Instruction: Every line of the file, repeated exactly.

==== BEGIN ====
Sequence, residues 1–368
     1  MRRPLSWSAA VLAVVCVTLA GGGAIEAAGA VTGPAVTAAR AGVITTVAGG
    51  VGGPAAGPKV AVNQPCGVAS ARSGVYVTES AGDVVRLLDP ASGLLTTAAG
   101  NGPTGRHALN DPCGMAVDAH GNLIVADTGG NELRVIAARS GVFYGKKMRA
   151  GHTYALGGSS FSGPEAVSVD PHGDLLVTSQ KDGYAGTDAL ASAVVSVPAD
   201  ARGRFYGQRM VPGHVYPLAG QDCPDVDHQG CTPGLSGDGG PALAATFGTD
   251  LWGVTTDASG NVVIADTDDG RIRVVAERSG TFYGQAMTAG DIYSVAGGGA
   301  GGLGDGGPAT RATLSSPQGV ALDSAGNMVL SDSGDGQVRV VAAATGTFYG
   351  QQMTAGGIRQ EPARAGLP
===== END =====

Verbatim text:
Sequence, residues 1–368
     1  MRRPLSWSAA VLAVVCVTLA GGGAIEAAGA VTGPAVTAAR AGVITTVAGG
    51  VGGPAAGPKV AVNQPCGVAS ARSGVYVTES AGDVVRLLDP ASGLLTTAAG
   101  NGPTGRHALN DPCGMAVDAH GNLIVADTGG NELRVIAARS GVFYGKKMRA
   151  GHTYALGGSS FSGPEAVSVD PHGDLLVTSQ KDGYAGTDAL ASAVVSVPAD
   201  ARGRFYGQRM VPGHVYPLAG QDCPDVDHQG CTPGLSGDGG PALAATFGTD
   251  LWGVTTDASG NVVIADTDDG RIRVVAERSG TFYGQAMTAG DIYSVAGGGA
   301  GGLGDGGPAT RATLSSPQGV ALDSAGNMVL SDSGDGQVRV VAAATGTFYG
   351  QQMTAGGIRQ EPARAGLP